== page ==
Marriage & Poverty: Illinois
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Marriage & Poverty: Illinois

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Marriage is America's #1 weapon against childhood poverty. This presentation details the impact of marriage on the probability of child poverty in Illinois.

Marriage is America's #1 weapon against childhood poverty. This presentation details the impact of marriage on the probability of child poverty in Illinois.

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  • 1. Marriage: Illinois’ No. 1 Weapon Against Childhood PovertyHow the Collapse of Marriage Hurts Children and Three Steps to Reverse the Damage A Heritage Foundation Book of Charts • January 2012 Richard and Helen DeVos Center for Religion and Civil Society
  • 2. Growth of Out-of-Wedlock Childbearing in Illinois, 1929–2010 Throughout most of Illinois’ PERCENTAGE OF CHILDREN BORN OUT OF WEDLOCKhistory, out-of-wedlock childbear-ing was rare. 50% When the federal government’sWar on Poverty began in 1964,only 7.7 percent of children in 40.5% 40%Illinois were born out of wedlock.However, over the next fourdecades, the number rose rapidly.By 2010, 40.5 percent of births in 30%Illinois occurred outside of mar-riage. 20%Note: Initiated by President LyndonJohnson in 1964, the War on Povertyled to the creation of more than three 10%dozen welfare programs to aid poorpersons. Government has spent $16.7trillion on means-tested aid to the poorsince 1964. 0%Sources: U.S. Government, U.S. CensusBureau, and National Center for Health 1930 1940 1950 1960 1970 1980 1990 2000 2010Statistics. Chart 1 • Marriage and Poverty in Illinois heritage.org
  • 3. Death of Marriage in Illinois, 1929–2010 The marital birth rate — the PERCENTAGE OF CHILDREN BORN TO MARRIED COUPLESpercentage of all births that occurto married parents — is the flip 100%side of the out-of-wedlock birthrate. Through most of the 20th cen- 90%tury, marital births were the normin Illinois in 1964, more than 92percent of births occurred tomarried couples. 80% However, in the mid-1960s, themarital birth rate began to fallsteadily. By 2010, only 59.5 per- 70%cent of births in Illinois occurredto married couples. 60%Note: In any given year, the sum of the 59.5%out-of-wedlock birth rate (Chart 1)and the marital birth rate (Chart 2)equals 100 percent of all births. 50%Sources: U.S. Government, U.S. CensusBureau, and National Center for Health 1930 1940 1950 1960 1970 1980 1990 2000 2010Statistics. Chart 2 • Marriage and Poverty in Illinois heritage.org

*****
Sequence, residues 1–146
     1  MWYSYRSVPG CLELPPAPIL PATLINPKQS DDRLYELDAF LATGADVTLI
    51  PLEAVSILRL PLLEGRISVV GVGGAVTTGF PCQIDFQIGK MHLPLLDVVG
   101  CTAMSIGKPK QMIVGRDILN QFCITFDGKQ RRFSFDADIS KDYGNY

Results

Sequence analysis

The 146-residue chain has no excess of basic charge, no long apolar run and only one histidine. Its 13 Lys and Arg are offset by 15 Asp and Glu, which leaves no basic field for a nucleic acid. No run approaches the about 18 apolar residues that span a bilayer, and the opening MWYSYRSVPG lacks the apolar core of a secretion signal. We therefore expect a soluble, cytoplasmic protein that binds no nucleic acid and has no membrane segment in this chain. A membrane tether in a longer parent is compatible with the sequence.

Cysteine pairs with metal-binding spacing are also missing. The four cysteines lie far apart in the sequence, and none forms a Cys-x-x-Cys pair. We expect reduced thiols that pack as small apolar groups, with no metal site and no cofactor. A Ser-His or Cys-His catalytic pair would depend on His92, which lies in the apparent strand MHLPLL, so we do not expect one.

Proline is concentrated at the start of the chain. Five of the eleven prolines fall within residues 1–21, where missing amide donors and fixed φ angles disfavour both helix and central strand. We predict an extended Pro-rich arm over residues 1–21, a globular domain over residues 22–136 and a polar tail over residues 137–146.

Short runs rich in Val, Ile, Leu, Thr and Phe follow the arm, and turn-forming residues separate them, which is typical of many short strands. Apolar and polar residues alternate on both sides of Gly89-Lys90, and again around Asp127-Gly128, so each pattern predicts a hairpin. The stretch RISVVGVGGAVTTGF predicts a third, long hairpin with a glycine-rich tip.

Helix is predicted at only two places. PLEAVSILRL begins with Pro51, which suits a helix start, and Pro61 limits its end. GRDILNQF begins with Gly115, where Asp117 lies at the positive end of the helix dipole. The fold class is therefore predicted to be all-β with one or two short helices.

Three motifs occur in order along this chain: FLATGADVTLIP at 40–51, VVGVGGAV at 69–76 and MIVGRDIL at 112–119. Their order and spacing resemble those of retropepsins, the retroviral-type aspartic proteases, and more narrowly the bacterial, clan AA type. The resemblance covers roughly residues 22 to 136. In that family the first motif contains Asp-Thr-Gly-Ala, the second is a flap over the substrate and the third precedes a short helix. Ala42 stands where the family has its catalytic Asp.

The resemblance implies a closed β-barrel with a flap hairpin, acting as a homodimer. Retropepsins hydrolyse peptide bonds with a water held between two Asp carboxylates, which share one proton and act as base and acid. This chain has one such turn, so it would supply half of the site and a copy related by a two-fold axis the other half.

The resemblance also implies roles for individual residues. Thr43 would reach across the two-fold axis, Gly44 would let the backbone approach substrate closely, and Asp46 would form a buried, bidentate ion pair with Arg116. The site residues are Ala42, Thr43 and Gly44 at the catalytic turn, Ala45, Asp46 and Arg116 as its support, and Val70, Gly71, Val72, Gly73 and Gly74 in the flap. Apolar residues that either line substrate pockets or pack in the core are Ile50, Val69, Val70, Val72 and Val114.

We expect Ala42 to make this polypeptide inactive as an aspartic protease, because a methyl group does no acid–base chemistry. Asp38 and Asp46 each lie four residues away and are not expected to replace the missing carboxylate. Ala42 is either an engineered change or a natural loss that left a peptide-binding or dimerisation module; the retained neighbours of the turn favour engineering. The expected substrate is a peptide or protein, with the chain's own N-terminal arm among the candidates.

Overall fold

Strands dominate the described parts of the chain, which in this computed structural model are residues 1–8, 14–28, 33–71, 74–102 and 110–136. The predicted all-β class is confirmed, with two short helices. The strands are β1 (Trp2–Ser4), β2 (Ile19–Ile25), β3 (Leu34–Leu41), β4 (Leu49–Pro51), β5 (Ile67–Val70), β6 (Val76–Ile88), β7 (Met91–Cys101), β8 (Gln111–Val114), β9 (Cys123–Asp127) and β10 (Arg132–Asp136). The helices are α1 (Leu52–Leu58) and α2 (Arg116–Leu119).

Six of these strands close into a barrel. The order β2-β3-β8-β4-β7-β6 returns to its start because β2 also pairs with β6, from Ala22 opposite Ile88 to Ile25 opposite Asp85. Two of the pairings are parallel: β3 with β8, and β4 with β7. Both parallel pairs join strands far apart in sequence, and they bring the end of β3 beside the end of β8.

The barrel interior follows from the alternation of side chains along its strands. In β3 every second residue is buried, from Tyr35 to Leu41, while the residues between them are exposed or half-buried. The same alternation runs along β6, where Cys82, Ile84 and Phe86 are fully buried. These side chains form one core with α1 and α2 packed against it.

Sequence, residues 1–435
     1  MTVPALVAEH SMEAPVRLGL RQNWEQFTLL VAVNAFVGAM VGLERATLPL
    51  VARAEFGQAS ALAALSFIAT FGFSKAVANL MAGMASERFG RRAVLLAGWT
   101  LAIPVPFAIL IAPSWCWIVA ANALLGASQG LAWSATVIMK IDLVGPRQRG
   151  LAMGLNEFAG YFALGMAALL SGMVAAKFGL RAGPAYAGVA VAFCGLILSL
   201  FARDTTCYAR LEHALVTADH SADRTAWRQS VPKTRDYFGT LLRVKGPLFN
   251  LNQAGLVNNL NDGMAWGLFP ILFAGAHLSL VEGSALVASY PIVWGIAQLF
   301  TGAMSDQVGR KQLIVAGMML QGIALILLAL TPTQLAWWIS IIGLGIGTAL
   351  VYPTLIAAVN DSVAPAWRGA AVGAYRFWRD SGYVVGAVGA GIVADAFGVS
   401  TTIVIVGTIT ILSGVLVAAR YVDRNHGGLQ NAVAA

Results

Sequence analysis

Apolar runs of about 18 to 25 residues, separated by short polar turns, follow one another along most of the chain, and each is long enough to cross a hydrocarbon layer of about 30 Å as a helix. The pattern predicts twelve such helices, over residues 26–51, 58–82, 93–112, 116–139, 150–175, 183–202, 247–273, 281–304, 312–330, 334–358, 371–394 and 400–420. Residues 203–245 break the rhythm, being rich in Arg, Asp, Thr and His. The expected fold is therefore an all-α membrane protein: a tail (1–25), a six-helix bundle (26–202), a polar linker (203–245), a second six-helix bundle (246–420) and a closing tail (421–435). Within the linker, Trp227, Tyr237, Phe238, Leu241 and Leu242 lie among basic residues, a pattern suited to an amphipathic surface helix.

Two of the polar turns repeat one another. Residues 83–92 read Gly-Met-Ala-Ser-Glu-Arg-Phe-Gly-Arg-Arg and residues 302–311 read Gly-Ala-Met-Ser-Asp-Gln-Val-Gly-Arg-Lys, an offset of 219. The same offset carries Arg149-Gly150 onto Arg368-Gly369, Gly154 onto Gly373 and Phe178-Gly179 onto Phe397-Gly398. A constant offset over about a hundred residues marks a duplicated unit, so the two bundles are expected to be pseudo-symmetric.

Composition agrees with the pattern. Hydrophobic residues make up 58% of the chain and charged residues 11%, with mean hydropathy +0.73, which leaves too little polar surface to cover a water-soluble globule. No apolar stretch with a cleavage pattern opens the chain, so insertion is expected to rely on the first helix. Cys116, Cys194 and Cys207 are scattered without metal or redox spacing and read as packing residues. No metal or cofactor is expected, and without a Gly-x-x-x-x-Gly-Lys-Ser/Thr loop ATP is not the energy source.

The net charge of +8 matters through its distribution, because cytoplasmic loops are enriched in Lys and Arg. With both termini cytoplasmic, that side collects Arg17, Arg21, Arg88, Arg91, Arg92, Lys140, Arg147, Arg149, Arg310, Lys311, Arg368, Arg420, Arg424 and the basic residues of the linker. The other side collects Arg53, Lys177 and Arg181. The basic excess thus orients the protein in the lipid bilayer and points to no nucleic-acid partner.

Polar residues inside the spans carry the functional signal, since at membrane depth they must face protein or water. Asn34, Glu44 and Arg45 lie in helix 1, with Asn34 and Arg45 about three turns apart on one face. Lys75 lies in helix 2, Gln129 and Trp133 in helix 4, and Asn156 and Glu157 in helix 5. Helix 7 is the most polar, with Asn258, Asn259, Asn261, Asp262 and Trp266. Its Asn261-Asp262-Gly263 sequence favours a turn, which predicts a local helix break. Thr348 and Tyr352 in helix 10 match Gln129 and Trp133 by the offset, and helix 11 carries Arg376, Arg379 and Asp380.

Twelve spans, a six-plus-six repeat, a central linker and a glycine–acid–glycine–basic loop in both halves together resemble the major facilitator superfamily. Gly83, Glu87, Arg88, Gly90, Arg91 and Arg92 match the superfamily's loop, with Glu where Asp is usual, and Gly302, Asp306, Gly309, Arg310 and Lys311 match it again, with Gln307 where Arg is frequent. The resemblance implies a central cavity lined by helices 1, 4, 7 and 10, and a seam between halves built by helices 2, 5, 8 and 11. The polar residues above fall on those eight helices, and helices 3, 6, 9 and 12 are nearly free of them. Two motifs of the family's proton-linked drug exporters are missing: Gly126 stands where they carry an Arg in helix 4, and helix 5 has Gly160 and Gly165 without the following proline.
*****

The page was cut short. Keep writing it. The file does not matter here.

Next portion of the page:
• 4. In Illinois, Marriage Drops the Probability of Child Povertyby 85 Percent The rapid rise in out-of- PERCENTAGE OF FAMILIES WITH CHILDREN THAT ARE POORwedlock childbearing is a major 50%cause of high levels of child pov-erty in Illinois. Some 36.8 percent of single 40% 36.8%mothers with children were poorcompared to 5.7 percent of mar-ried couples with children. Single-parent families with 30%children are more than six timesmore likely to be poor than fami-lies in which the parents are mar- 20%ried. The higher poverty rate amongsingle-mother families is due both 10%to the lower education levels of 5.7%the mothers and the lower incomedue to the absence of the father. 0% Single-Parent, Married,Two-ParentSource: U.S. Census Bureau, American Female-Headed FamiliesCommunity Survey, 2007–2009 data. Families Chart 3 • Marriage and Poverty in Illinois heritage.org
  • 5. In Illinois, One-Third of All Families with Children Are Not Married Overall, married couples headtwo-thirds of families withchildren in Illinois. Nearlyone-third are single-parentfamilies. Unmarried Families 32.1% Married Families 67.9%Source: U.S. Census Bureau, AmericanCommunity Survey, 2007–2009 data. Chart 4 • Marriage and Poverty in Illinois heritage.org
  • 6. In Illinois, 73 Percent of Poor Families with Children Are Not Married Among poor families withchildren in Illinois, 73 percent arenot married. By contrast, 27percent of poor families withchildren are headed by marriedcouples. Married Families 27.1% Unmarried Families 72.9%Source: U.S. Census Bureau, AmericanCommunity Survey, 2007–2009 data. Chart 5 • Marriage and Poverty in Illinois heritage.org
  • 7. In Illinois, Few Unwed Births Occur to Teenagers Out-of-wedlock births are often PERCENTAGE OF OUT-OF-WEDLOCK BIRTHSconfused erroneously with teen BY AGE OF MOTHERbirths, but only 7.9 percent ofout-of-wedlock births in Illinois Underoccur to girls under age 18. Age 18: By contrast, some 74 percent of 7.9%out-of-wedlock births occur to Ageyoung adult women between the 30–54:ages of 18 and 29. 18.3% Age 18–19: 14.5% Age 25–29: 23.3% Age 20–24: 36.0%Note: Figures have been rounded.Source: U.S. Department of Health andHuman Services, Centers for DiseaseControl and Prevention, 2008 NHSdata. Chart 6 • Marriage and Poverty in Illinois heritage.org